I have been practicing passage meditation, mindfulness and mantram repetition for some time now and though I have had glimpses of insights and have encountered sporadic spiritual experiences and often share those here, I had not realized until recently how my whole perception of life has been altered. Not just my perception of life but how I am living life itself.  In a way much like how one would adjust the settings on a telescope to sharpen the image of the object desired to be viewed, both my gross senses-those which perceive the tangible manifestations of God's energy playing itself out in the material world and my inner senses-the receptors in my consciousness able to receive and open up to His Divine presence, have been sharpened and defined. Making life anything but boring.

To have one-pointed attention at the task in hand is part of Eknath Easwaran's eight point program . To experience life, now, as it happens, and not be caught up by fleeting thoughts, brings rise to an amazing transformation of perspective.  Nature itself brings my heart to its knees in wonder at the miracles and wonders that resound in every cell and complex process that defines our physical world. Every leaf, every droplet of water, brings a sense of awe. Even in life's most darkest moments I am finding appreciation and beauty. And  hope. For with each new breath we take is a new beginning. I am learning that to be present fully is to live fully.

Being fully present not only reaps the benefit of being able to view each moment with a renewed sense of gratitude but using that technique to apply it in pursuing our tasks helps those tasks, however seemingly banal, become more engaging. Not being caught up in non-related thoughts and being subjected to a state of "monkey mind", we are able to conserve greater amounts of energy to devote to the task at hand. This causes us to perform our actions with greater precision and devotion while noticing the details that we once might have missed. 

It is often in the intervals between specific tasks where we get swept up in thoughts that toss us to and fro like the waves of the ocean. Battering our fragile consciousnesses against merciless rocks that jut out within the landscape of our soul's interior.  It's easy at times like those to become too fragmented and distracted to ever become focused enough to be firmly situated in a state that is fixed on God or the present. At that point it's easy to become restless. What to do, what to do..and we look towards trivial and mundane pursuits to appease the restless energy that taunts us.  Times like these can get the best of anyone. I know they've gotten the best of me in the past. One common example I think that many of us can be subject to, is to eat when we are bored. I know exactly when my children are getting bored. They ask for a snack! Of course there are times when they do need a snack but if they've recently had one and I can visibly see their interest in an activity tapering off I can almost guarantee that soon I will hear a request for one! Over-eating and other unsavory habits are certainly prompted along by boredom.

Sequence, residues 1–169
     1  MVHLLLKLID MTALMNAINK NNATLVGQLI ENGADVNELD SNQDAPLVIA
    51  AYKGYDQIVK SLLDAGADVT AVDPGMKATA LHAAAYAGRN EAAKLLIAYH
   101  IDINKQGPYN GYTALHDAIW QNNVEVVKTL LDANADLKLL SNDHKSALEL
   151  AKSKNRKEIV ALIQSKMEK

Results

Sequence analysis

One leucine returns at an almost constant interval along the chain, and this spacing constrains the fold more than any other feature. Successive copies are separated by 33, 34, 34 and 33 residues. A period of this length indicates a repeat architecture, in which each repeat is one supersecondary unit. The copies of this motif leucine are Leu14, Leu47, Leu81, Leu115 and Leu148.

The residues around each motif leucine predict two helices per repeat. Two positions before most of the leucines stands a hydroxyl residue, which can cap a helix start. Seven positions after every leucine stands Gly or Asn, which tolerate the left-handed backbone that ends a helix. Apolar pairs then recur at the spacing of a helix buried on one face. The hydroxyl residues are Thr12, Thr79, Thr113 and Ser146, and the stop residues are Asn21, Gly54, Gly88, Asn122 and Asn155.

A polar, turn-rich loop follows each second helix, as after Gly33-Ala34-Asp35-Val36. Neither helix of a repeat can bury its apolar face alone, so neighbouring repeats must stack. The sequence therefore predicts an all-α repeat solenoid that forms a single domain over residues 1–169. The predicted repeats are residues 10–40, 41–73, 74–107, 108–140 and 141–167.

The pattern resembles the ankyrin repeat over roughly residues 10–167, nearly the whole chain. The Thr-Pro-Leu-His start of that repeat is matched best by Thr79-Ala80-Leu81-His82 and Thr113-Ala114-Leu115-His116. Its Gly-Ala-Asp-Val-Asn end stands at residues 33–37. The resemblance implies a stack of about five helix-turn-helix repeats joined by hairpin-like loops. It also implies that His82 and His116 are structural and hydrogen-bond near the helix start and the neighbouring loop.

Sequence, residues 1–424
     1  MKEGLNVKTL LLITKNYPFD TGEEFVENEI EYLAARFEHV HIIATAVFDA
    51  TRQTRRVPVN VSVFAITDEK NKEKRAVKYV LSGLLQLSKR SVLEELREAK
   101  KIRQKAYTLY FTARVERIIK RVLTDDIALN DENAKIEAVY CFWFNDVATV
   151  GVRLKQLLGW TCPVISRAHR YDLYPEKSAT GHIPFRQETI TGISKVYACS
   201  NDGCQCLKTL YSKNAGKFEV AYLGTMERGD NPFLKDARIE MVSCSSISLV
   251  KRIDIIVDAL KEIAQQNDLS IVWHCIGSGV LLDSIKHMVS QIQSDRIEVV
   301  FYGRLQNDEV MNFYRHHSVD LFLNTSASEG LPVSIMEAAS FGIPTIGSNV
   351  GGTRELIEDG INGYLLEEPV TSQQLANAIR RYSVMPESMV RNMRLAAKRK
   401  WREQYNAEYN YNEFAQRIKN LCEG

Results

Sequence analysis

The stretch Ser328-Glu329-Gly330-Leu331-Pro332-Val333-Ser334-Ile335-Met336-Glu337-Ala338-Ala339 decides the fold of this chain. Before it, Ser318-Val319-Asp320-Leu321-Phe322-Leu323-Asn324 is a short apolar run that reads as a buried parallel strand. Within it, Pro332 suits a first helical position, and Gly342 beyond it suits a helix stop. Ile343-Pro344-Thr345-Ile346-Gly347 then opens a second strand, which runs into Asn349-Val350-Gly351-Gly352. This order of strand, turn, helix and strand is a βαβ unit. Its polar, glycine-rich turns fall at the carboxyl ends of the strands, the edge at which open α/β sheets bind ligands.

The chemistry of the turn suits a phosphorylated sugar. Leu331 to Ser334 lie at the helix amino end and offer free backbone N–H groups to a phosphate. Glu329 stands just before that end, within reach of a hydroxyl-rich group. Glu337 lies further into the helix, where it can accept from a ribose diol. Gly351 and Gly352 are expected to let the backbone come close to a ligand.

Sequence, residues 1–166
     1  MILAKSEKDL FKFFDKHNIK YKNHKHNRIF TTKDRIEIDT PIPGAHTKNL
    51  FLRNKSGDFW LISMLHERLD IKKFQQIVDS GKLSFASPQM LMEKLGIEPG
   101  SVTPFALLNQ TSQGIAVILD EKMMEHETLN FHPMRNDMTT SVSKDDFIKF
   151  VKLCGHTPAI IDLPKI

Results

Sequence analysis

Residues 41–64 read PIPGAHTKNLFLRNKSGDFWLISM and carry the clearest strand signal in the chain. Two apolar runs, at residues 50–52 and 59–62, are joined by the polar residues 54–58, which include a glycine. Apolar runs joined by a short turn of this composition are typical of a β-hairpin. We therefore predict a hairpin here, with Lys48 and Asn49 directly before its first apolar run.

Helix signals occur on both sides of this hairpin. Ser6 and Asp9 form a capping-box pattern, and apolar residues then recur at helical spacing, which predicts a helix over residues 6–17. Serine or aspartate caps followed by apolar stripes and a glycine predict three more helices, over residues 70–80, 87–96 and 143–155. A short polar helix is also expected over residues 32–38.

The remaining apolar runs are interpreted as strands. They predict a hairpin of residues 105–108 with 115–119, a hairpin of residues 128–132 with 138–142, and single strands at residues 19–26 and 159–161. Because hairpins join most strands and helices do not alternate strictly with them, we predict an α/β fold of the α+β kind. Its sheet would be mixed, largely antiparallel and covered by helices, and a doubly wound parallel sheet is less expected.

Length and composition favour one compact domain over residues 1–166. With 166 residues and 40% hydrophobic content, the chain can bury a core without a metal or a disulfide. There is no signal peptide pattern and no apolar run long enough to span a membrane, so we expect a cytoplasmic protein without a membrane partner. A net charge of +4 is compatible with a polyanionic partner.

This is where my mantram has saved me. I could write about it all day. It has become so integral in every area of my life. Many a time it has proven to be the savior of my sanity as it has anchored me to peace and bliss. Between moments of one-pointed attention I draw forth my mantram.  Like a sword it slices through illusion freeing me from spiritual lethargy. Depending on the atmosphere where I find myself, if I'm in public or alone, I either chant it vocally or internally. And if I am alone I often implement the aid of my japa beads to keep count and maintain focus.  Hare Krishna Hare Krishna, Krishna Krishna Hare Hare/Hare Rama Hare Rama, Rama Rama Hare Hare  Meditating on the names of God, I find myself anchored to the present and lift my thoughts and heart up to Him. In return,  a sense of clarity and peace wash my heart clean of its residual stains of attachment and I feel as if my heart is drinking the most luscious elixir, one that could only find its source from  the Divine. Such a transcendental exchange leaves boredom's abode safely tucked into the shadowy folds of the past.

In conclusion, the absence of boredom was an unexpected, albeit very welcomed,  byproduct of my spiritual disciplines. So my personal formula to eradicate boredom is a combination of mindfulness and chanting/mantram repetition. Do you have a method that helps you stay focused and attentive throughout your day? I'd love to hear it in the comments section. Thanks!


Thoughts? I'd love to hear them. Please share in the comments section. Thank you!